Italian connection

By David Fleet

Goodrich-Margherita Mazza knows the perfect recipe for pizza; Thin crust, light sauce, some fresh mozzarella cheese and fresh basil.
GHS run thru Crainberries“Food is an important part of our country,” said Mazza, 17, a native of Pagnacco a town of about 4,000 near the city of Udine in the northeast corner of Italy. “It’s a way to bring families together. The pizza here is not as good. But bread sticks are great along with root beer floats. Those are wonderful.”
Mazza’s American experience started in August as part of the ASSE-International Student Exchange Program. She lives with the Thurk family in Atlas Township and will attend high school until her return in June. Mazza attends Antonio Zanon High School in Udine and when she returns next year will be a senior.

She lives in a townhouse with her mother and father along with an older sister.
“It’s always been my dream to come to the United States and be an exchange student here,” she said. “Since I’ve been here I truly love the values American have. Anyone can believe what they want, they all have the same opportunities. They encourage each other to seek their dreams. There’s really no judging one another, rather everyone is different and it’s really OK.”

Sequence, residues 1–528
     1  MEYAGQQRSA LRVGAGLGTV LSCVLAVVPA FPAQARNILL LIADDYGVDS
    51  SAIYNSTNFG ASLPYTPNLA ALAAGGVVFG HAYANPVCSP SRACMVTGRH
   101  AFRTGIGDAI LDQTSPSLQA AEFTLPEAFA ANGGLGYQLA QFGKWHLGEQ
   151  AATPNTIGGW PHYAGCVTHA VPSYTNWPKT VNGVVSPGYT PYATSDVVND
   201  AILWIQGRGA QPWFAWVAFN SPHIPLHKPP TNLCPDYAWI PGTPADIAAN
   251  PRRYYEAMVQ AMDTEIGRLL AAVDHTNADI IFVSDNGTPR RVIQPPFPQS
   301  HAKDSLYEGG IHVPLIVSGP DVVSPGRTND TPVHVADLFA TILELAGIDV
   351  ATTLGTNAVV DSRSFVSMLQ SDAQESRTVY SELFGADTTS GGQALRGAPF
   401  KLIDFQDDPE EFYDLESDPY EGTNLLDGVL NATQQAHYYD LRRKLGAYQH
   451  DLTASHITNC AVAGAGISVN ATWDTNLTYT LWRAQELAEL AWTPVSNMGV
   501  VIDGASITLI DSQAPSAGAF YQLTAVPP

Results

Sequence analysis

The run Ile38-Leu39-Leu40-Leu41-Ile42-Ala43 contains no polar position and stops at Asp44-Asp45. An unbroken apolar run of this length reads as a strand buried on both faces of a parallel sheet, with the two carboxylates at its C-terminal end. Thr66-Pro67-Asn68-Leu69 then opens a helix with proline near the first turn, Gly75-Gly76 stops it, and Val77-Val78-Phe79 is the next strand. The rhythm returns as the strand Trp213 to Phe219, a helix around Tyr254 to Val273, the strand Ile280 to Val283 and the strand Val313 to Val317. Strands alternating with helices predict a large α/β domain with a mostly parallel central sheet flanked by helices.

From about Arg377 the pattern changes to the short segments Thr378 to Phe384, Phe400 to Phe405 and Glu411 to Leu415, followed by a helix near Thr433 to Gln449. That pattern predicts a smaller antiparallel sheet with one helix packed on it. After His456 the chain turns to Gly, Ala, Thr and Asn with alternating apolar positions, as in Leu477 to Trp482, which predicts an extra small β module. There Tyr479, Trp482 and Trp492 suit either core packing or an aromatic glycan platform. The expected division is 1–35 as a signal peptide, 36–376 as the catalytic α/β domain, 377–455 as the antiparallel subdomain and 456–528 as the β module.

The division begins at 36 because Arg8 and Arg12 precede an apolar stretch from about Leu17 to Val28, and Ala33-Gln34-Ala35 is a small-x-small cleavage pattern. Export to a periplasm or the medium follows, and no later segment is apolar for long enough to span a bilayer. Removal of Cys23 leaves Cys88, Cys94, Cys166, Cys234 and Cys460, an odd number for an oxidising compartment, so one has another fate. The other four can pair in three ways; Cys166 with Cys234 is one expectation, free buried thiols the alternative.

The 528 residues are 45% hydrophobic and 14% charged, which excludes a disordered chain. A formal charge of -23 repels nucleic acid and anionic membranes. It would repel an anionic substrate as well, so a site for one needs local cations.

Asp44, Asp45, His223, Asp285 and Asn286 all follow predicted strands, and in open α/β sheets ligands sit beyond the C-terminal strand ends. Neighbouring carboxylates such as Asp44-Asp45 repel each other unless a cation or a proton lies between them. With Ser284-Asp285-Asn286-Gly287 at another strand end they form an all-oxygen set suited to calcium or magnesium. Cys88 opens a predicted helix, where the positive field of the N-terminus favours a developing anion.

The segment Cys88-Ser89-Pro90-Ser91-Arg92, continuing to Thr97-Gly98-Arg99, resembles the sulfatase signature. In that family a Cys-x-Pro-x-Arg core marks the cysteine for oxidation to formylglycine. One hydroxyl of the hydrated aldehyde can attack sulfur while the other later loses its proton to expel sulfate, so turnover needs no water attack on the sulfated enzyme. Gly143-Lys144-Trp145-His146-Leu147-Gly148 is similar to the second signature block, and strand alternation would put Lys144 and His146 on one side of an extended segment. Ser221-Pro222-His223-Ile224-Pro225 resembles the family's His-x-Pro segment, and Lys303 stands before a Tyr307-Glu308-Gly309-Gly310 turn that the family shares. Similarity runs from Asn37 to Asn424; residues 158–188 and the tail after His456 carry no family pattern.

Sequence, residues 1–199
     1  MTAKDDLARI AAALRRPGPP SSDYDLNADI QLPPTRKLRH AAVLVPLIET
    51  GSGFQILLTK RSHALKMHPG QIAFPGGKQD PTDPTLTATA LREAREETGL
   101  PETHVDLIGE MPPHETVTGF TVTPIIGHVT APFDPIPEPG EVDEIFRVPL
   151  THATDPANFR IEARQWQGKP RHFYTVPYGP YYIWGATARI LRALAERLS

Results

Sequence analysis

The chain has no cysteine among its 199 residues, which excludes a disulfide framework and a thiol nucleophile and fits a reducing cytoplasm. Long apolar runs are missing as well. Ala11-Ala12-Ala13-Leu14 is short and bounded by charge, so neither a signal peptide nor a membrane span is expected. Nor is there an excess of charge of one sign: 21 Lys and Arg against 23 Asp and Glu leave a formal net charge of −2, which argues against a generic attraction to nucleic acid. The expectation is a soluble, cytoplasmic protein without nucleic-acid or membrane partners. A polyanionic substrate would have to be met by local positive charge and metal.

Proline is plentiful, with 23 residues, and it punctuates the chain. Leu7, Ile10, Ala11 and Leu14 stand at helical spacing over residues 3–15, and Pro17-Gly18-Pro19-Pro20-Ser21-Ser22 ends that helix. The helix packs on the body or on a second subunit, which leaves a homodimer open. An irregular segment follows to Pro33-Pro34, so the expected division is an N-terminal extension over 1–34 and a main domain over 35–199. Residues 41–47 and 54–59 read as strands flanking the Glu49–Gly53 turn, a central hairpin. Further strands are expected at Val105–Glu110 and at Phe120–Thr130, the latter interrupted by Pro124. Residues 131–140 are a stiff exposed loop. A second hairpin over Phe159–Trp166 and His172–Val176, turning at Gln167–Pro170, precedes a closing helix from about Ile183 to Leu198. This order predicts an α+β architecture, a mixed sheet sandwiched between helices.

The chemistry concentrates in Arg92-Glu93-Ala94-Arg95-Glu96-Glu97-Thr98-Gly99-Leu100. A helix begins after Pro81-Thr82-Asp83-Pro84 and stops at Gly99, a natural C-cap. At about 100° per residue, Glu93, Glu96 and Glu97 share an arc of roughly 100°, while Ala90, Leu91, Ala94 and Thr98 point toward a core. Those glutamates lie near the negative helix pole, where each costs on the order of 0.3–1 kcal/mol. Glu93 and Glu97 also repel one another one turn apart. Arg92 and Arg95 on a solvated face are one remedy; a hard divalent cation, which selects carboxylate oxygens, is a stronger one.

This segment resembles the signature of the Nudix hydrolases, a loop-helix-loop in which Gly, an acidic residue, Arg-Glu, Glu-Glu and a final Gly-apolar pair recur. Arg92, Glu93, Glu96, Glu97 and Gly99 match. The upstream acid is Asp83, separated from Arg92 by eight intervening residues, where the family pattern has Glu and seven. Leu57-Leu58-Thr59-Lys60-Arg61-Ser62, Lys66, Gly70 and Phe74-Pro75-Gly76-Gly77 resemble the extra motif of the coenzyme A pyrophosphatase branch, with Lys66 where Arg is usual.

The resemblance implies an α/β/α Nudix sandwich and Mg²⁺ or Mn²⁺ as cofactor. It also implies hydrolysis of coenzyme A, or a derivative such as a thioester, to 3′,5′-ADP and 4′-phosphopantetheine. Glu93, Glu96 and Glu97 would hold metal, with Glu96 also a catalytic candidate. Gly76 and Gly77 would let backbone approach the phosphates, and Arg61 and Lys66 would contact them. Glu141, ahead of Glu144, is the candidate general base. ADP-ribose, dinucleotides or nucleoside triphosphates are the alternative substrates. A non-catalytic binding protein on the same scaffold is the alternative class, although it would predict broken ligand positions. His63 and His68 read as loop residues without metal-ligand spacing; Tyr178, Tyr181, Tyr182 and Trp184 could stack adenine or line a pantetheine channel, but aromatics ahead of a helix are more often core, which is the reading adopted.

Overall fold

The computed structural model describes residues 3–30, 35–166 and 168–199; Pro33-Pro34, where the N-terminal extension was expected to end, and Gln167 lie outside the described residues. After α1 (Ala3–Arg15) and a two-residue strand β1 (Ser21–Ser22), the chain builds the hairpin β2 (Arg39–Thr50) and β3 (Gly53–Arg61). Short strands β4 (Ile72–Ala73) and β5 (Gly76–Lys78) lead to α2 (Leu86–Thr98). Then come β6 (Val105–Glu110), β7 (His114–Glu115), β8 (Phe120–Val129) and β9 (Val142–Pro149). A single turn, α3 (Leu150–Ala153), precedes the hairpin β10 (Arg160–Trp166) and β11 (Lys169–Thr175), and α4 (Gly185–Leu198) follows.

While the supportive aspects of Americas is notable to Massa, gun ownership was a surprise.
“The guns are everywhere here,” she said. “It seems everyone here can own one. While we have some guns for hunting just not that way in Italy. It was just new to me and seems rather dangerous.”
Americans are also really big on sports, she said.
“At home we do not have school sports after classes,” she said. “Soccer not your football is our sport. I did make it to football games this fall and now understand what’s going on. But it took some time.”
Mazza was on the cross country team, joined a youth group at St. Mark Church and Girl Scouts soon after she arrived in the United States.
“I grew up in the scouts,” she said. “We camp and hike. Except, we have boys in our troops too. It’s Christian based and have grown accustom to boys in scouts.”
Eating a meal as a family is a big part of the day in Italy.
“We wait for dad to come home and eat together as a family,” she said. “It’s a way to share about our day. It’s a shock to me that families don’t do that here. It uncommon for us to eat in front of the TV or keep a cell phone on the table.”
A microwave is not as common in the kitchen in Italy.
“The food’s not too bad here,” she said. “I had my first processed dinner here. Mom cooks and we just don’t eat them back home.”
Mazza said she’ll continue her education and possibly a business career someday.

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